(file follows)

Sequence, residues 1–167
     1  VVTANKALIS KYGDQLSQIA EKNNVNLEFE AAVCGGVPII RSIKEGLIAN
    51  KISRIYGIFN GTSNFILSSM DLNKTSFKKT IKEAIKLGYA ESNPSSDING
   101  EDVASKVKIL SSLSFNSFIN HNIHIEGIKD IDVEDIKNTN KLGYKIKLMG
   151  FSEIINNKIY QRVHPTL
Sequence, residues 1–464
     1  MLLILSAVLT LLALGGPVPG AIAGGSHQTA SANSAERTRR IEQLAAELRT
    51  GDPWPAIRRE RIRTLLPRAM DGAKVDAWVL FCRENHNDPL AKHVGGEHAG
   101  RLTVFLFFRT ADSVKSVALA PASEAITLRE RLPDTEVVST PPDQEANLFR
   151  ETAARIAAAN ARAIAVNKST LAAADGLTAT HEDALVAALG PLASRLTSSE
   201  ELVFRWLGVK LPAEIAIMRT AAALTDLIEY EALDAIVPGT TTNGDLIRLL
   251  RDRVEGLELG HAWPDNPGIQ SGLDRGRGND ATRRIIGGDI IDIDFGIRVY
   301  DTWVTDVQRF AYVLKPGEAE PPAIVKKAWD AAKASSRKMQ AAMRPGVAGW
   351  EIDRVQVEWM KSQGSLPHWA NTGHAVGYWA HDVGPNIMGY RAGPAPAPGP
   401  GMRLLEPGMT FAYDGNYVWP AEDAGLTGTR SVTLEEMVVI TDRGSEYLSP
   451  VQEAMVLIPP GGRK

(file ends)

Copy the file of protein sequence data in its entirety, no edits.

Sequence, residues 1–167
     1  VVTANKALIS KYGDQLSQIA EKNNVNLEFE AAVCGGVPII RSIKEGLIAN
    51  KISRIYGIFN GTSNFILSSM DLNKTSFKKT IKEAIKLGYA ESNPSSDING
   101  EDVASKVKIL SSLSFNSFIN HNIHIEGIKD IDVEDIKNTN KLGYKIKLMG
   151  FSEIINNKIY QRVHPTL
Sequence, residues 1–464
     1  MLLILSAVLT LLALGGPVPG AIAGGSHQTA SANSAERTRR IEQLAAELRT
    51  GDPWPAIRRE RIRTLLPRAM DGAKVDAWVL FCRENHNDPL AKHVGGEHAG
   101  RLTVFLFFRT ADSVKSVALA PASEAITLRE RLPDTEVVST PPDQEANLFR
   151  ETAARIAAAN ARAIAVNKST LAAADGLTAT HEDALVAALG PLASRLTSSE
   201  ELVFRWLGVK LPAEIAIMRT AAALTDLIEY EALDAIVPGT TTNGDLIRLL
   251  RDRVEGLELG HAWPDNPGIQ SGLDRGRGND ATRRIIGGDI IDIDFGIRVY
   301  DTWVTDVQRF AYVLKPGEAE PPAIVKKAWD AAKASSRKMQ AAMRPGVAGW
   351  EIDRVQVEWM KSQGSLPHWA NTGHAVGYWA HDVGPNIMGY RAGPAPAPGP
   401  GMRLLEPGMT FAYDGNYVWP AEDAGLTGTR SVTLEEMVVI TDRGSEYLSP
   451  VQEAMVLIPP GGRK